New York’s Route 20, formerly known as the Cherry Valley Turnpike, is host to a plethora of historical sites, including the National Baseball Hall of Fame in Cooperstown, the William Seward House in Auburn, and the 1848 women’s rights convention in Seneca Falls. Route 20 enthusiasts have set up their own websites about the route, including the Route 20 Association of New York State and an amateur’s site titled “Historic U.S. Route 20: The Main Street of Upstate New York.” These two sites, however, do not offer much historical interpretation, the former more concerned with tourism and the latter lacking scholarly methodology. These sites also do not include an interactive map where drivers can quickly locate sites or where travelers can research the map before they head out on their drive. All in all, the current options on learning more about Route 20 are limited.
I will use Viewshare, Flickr, or Historypin to create an interactive map that marks different sites along the highway. California Route 66 Preservation Foundation runs a website that includes an interactive map. My Route 20 map will link to descriptions of the historical significance of different sites along the road and will display different photos (historical and current) of these sites. For my digital project, I will start with the three historic sites mentioned above: baseball in Cooperstown, William Seward House, and Seneca Falls convention. I will follow Dan Brown’s suggestion, in Communicating Design, and create personas that will guide my design decisions. My website will cater to three different personas: spectators (who just want a quick description of what they are passing), enthusiasts (who can read the whole story on the site), and tourists (who want the full story and might even want to stop and visit the site). I hope to cater to these different personas by using a similar format as Philaplace where the spectators get a few lines on the historical significance, enthusiasts click more to get the whole story, and tourists can scroll down to see recommendations for books to do further research or recommendations for local museums to visit.
Since New York’s Route 20 does not have nearly the renown as Route 66, outreach will be vital to this project. My main audience is interested tourists and so I will link my site to travel review sites, such as TripAdvisor and Yelp. Route 20 already has a page on TripAdvisor. In addition, I will inform local preservation and history organizations, such as the Route 20 Association of New York State and “Tour Auburn,” of my site.
For the evaluation of my project, I will have different users test the site. As Brown emphasizes, planning for usability tests are as important as gaining feedback from the results of these tests. I will create usability tests for someone who is driving the route as well as for someone who is interested in the route and planning to travel the highway in the near future. Hopefully, these people find this site easy to use and easy to understand. More importantly, I hope this site will further interest in the local history of upstate New York. Instead of driving through the middle of nowhere, travelers (and even just web browsers) will gain an appreciation of the rich history of the area and realize its important place in history.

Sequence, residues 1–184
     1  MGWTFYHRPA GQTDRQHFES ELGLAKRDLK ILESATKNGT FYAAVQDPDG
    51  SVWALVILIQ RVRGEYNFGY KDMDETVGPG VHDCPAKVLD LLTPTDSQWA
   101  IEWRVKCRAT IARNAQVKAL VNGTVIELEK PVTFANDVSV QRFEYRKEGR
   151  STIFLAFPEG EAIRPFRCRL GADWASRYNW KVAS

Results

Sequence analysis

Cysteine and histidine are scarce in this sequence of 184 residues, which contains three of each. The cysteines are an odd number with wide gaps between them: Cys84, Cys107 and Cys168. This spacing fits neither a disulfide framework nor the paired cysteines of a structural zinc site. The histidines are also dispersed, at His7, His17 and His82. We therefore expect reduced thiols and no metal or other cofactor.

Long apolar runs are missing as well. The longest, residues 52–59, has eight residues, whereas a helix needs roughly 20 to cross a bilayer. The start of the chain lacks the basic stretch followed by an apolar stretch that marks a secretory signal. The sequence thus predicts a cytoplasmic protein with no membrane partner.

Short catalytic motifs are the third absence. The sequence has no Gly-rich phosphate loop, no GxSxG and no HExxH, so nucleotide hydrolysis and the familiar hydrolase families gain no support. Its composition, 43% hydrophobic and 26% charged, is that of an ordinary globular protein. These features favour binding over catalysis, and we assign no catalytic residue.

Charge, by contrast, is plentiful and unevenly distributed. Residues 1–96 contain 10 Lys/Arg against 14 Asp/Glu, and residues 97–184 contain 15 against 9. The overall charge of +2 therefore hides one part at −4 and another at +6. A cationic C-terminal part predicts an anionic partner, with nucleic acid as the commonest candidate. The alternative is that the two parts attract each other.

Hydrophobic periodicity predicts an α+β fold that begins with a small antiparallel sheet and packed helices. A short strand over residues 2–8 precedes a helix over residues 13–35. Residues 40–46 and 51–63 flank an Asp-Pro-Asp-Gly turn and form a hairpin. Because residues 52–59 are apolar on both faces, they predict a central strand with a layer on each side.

Daniel M. Brown, Communicating Design: Developing Web Site Documentation for Design and Planning (Berkely, CA: New Riders, 2007), 18.
My digital project will be a joint collaboration with fellow classmate Caitlin Miller as we tackle designing an ARIS tour for The Menokin Foundation.
The Who: The Menokin Foundation near Warsaw, Virginia, operates the historical house and grounds of Declaration of Independence signer Francis Lightfoot Lee. The Foundation holds 500 of the original 1,000 acres, of which 350 acres have been given over as a National Wildlife Habitat. The house itself is a ruin.
The Menokin Foundation is at a particularly unique point in their development as a historical site, as they are initiating an innovative conservation method to preserve the remaining structure of the house.
Yes, that’s glass. Think Apple Store meets Colonial Williamsburg: the negative space of the house (everything that currently isn’t there) will be filled in with structural glass, including floors and roof. The house is projected to be finished by 2017 or 2018. The Menokin Foundation is committed to making the future visitor experience reflect the innovation, creativity, and unique quality of the Glass House project.
The Challenge: For a multitude of reasons, the Glass House concept will be the only (re)building to be done on the property; the outlaying buildings, slave cabins, and tenement houses will not be rebuilt. This presents an extra challenge for historical interpretation at the site. How do we connect visitors to stories of the past that are no longer physically tied to the space? Menokin has a rich, 400+ years of history that includes not only the life and political career of a little known but devoted Revolutionary (that would be our guy Francis Lightfoot Lee, or as we was known by his peers, Frank) but the history of the Rappahannock tribe that lived on the land before English colonists, the slaves who worked the plantation, and the tenant farmers who worked the land in the second half of the 19th-century into the 20th-century.